This paper presents the results of the study on the wavecurrent interactions of an idealized full scale marine current turbine (MCT). A multi-phase flow model is used for simulation of three cases: still water and two different wave heights. The Standard k-ω turbulence model is chosen based on the stability of the pressure and velocity plots upstream and downstream the turbine rotor plane. The three cases are used in the present study to compare the effects of wave height and current velocity on the turbine rotor. The velocity, and pressures on the turbine blades are computed for each case using ANSYS FLUENT CFD Software. The thrust, torque, and power in the MCT are calculated using the results obtained from the CFD simulation.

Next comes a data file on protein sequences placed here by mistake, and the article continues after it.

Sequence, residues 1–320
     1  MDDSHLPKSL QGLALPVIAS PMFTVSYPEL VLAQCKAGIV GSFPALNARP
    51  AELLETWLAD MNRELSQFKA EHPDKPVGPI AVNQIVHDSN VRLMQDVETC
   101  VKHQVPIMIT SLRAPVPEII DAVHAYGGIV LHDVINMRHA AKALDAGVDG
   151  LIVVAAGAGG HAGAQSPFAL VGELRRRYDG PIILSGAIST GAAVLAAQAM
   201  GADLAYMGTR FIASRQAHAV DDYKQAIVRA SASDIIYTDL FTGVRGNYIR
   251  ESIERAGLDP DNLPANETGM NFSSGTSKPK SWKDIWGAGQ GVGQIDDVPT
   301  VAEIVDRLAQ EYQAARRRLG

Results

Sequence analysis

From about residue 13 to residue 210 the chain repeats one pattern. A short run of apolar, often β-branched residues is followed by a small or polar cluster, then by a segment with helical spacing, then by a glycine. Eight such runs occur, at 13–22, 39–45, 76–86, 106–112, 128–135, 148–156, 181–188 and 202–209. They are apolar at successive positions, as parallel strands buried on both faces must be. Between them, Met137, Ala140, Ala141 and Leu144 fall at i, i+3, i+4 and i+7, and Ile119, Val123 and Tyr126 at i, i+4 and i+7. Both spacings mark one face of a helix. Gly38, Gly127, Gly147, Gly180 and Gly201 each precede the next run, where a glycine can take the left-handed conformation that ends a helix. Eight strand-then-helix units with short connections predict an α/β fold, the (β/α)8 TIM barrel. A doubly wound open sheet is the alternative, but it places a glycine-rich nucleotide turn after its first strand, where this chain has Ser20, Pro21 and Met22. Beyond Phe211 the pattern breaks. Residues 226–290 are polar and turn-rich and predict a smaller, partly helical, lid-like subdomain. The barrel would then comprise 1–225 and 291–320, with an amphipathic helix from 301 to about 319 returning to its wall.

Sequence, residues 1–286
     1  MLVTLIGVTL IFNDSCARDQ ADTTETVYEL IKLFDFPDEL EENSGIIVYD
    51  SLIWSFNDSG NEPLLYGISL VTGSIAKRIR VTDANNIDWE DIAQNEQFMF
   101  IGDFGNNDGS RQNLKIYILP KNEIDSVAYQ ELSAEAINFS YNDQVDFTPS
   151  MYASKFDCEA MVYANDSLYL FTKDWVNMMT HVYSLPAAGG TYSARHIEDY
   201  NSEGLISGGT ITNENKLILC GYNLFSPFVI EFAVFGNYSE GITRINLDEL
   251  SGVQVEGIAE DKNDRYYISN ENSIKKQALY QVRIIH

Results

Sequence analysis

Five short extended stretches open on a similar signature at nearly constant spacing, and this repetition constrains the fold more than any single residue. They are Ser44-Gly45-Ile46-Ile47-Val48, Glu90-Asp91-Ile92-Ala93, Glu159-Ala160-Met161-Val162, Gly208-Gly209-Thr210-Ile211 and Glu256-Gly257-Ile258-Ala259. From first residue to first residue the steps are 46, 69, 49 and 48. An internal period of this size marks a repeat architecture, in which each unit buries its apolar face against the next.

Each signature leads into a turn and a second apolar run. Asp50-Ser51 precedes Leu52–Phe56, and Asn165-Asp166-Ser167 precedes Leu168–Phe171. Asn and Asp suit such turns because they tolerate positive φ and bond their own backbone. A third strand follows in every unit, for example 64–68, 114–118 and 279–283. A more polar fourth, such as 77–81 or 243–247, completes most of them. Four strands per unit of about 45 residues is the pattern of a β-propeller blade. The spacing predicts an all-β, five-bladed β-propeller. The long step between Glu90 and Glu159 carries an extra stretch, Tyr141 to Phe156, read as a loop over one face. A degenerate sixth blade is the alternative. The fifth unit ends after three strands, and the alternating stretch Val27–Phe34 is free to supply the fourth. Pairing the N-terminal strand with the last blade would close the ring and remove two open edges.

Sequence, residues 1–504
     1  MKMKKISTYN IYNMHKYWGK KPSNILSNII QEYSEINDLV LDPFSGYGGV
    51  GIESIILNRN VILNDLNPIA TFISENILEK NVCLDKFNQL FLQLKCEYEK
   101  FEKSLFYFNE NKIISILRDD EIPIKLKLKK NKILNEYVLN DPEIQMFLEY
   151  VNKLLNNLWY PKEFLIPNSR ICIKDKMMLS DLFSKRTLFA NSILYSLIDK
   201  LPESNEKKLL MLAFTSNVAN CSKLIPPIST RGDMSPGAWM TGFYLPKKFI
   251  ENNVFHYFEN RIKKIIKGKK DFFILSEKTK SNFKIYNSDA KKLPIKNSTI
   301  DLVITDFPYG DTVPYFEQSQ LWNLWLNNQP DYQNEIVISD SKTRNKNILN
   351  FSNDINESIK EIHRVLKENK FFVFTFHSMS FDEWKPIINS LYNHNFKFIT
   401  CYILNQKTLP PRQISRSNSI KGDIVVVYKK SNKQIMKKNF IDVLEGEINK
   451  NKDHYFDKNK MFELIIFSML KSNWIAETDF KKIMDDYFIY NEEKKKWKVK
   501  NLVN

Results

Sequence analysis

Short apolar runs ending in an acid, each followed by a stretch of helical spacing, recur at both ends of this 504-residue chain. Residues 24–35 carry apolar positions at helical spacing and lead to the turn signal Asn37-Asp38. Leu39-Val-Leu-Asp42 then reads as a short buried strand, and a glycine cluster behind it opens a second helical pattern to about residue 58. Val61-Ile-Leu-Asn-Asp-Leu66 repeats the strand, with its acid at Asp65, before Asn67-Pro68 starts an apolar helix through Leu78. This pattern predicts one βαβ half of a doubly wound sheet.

The turbine rotor blades are drafted in 3D using SolidWorks by extruding cross sections of a 43.2 m diameter turbine blade published by the National Renewable Energy Laboratory (NREL). Tetrahedral mesh elements are used to represent the multiphase fluid domain and rotor blades in ANSYS ICEM CFD due to its simplicity and speed of computation. The ANSYS FLUENT simulation is set up to run air and water phases in the domain, while the rotor blade is suspended in the fluid domain, such that there is 20 m of water in front and 100 m behind the plane of rotation. The effects of varying wave heights on the thrust, torque, and power are presented based on the tip speed ratios. The power generated by the turbine rotor from the wave cases is found to be higher than those for the still water case, at lower current velocities. However, at current velocities higher than 2.00 m/s, the power generated from the still water case is higher than the wave cases. At lower tip speed ratios, the thrust on the turbine, subjected to wave conditions, is lower than that for the still water condition. At higher tip speed ratios, the thrust on the turbine, under wave conditions, is higher than that for the still water condition. The torque decreases exponentially with increases in the tip speed ratio for all three cases, but the torque remains nearly constant with increases in wave height. The results provide detailed information which would be valuable in the design and operation of marine current turbines in wave environments.